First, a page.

Sunday, December 30, 2007

Layin' It Down and Raising Spirits

Joey Stevens and Itaru de la Vega from Rumspringa
The Echo
Review by Rory Vallis

On December 20th, 2007, The Echo presented Rumspringa, the larger-than-life two-man band of Joey Stevens(guitar/vocals) and Itaru de la Vega (drums). I was asked if I could attend and do a brief write up. "Holy crap Batman! I get to see a kick-ass show AND write about it?" I quickly grabbed my brother, girlfriend, her brother, and headed for the venue.

I've seen Rumspringa play both in studio (for their much anticipated debut CD) and in concert, and as phenomenal as it was to see them pump out an incredible album, there is a transporting and uplifting effect to their live shows. An effect that I think can only be attributed to the synergy Rumspringa shares with the crowd.

Invariably, listening to Rumspringa causes me to tap my feet, if not shake and bounce with the eagerness and abandon of a good bedroom dance session. But inevitably the song ends, my feet tap to a stop, and the air hangs empty save the echoing track trailing my thoughts; "Damn, that was a good song".

In concert however, this changes dramatically. Despite the band's performances being near perfect translations of the tracks you'll find on CD, their concerts include so much more than the music. The difference is the crowd. Rumspringa seems to have taken the term "in concert" to heart and made sure that for every live show they play, the audience gets to play too.

As early on as the microphone check, front man Joey Stevens received coos and cheers from the audience. In reply, Joey answered a heated sighing into the microphone in place of the expected "check 1,2,3". In turn the fans cooed and crowed louder. This exchange elevated to near climactic levels until the soundman gave the thumbs up. Time for the show to start.

Fans crowded the stage in taught anticipation, claiming spots beside perfect strangers, and making friends and conversation out of the combustible excitement in the air. The first notes of the guitar and kicks of the drum sounded "Catfish Blues" and the crowd exploded, the temperature and people both jumped, and the air became full to the brim with tumult, sweat, shouts, laughs, smiles, smoke, booze, and well...rock n' roll.

It was at this point that something very peculiar, very incredible happened. Most likely if I tell you, you will wave it off as editorial aggrandizement, fabulous fanatics, or otherwise twisted reporting. But it's my word against your eyes (we're dealing laterally here in the present), and if you were there, you'll agree that everything that follows is (pretty much) the unequivocal truth.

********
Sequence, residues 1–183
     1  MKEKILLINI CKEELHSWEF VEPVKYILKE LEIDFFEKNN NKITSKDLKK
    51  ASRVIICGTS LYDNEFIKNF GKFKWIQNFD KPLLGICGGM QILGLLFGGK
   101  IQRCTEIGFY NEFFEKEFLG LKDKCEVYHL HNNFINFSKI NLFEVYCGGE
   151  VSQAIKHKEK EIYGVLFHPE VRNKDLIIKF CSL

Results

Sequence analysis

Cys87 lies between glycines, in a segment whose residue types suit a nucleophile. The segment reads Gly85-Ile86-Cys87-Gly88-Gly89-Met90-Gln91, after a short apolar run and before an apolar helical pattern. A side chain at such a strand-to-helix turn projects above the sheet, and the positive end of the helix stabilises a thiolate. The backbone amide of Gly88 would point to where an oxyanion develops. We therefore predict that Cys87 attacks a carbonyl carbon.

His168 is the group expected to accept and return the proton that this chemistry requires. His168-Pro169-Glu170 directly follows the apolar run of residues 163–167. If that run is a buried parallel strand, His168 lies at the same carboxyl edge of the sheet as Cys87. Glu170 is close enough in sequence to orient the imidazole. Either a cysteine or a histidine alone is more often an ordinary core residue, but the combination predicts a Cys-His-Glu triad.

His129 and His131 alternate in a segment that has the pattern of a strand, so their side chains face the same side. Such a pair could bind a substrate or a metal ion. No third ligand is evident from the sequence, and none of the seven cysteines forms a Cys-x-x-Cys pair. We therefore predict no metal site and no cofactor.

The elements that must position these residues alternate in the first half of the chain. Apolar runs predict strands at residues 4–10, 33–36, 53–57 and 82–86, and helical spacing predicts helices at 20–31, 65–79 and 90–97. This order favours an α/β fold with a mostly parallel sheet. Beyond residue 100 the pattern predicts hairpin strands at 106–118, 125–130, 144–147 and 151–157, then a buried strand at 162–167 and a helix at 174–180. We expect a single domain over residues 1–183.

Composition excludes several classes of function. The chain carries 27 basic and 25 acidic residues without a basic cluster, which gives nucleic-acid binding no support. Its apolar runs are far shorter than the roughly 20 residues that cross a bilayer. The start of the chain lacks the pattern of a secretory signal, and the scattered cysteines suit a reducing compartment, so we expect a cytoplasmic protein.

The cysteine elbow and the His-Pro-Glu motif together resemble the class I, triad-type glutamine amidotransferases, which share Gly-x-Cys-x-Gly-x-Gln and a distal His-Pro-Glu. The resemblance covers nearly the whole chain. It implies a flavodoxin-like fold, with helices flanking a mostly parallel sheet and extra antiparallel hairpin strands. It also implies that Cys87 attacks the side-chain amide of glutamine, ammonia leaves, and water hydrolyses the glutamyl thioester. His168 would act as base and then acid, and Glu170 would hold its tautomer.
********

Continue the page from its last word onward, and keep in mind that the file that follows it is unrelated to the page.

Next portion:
Roundabout the third song into the set, the crowd was soused with the histories of the previous dance mapped across their t-shirts, and Joey, in signature style, sock footed on stage, began to rise. At first only up to his toes, but then gradually, his entire body began to float off the stage floor. People in the crowd, too, were rising and falling like coke bubbles in rum. Some of these people wafted on stage and started dancing around Itaru. The once coolly blue lighting lining the walls glowed red with the heat of the crowd. The crowd became so densely packed we began to rise together, like a loaf of bread in a brick oven.

Rumspringa were cookin' with gas.

Itaru threw the crowd holiday treats, while Joey handed the people in front a box of shakers, tambourines, and maracas. As "In the Jungle" began I heard a steady rhythmic shaker hitting the 8ths in the pocket. I looked to Itaru, but saw that he was busy tapping the 16ths on the hi-hat. Turns out the expert percussion was coming from an egg-shaker in the hands of the girl next to me. The crowd had likewise devoured and dispersed the percussion and the song was now a quilt, woven from the stage to the entrance and back.

Damn it was a good time.

My girlfriend and I were now exchanging smiles and dance moves on the ceiling. The whole crowd was off the floor, the floor itself undulating in a mirage of heat. Itaru was upside down thudding base kicks from ceiling to floor. His snare had slipped into the crowd and expanded to trampoline proportions. Some people were somersaulting and flipping on it, while others were content to simply float above it all. It was synchronized mayhem. It was everyone in concert.

After several new songs (whispers of a second album before the release of the first?) Joey broke into "I Wanna Make You Mine", and everyone grabbed someone, and floated gently back down to earth.

I was intoxicated. This doesn't happen everyday you know, people becoming clouds inside of venues. But just when I was getting used to gravity, the crowd cooed, and cheered, and applauded and chorused "Encore! Encore! Encore!", and Rumspringa came out, and let fall a never before heard tune, hot off the press, fresh out of the oven, bob's your uncle, a slammin’ , shakin' swingin' song. What ever room remained in the air exploded with applause and the song finished leaving the crowd smitten, searing, elated and exhausted.

I walked out that night, in December, in a t-shirt, and felt as though it were an August after noon.

But that's what I hear happens when you play with a band. You sweat a little. You should try it sometime. Rumspringa and 200 or so back up singers, dancers, percussionists and live-set incendiaries.

Last I heard they were still taking submissions.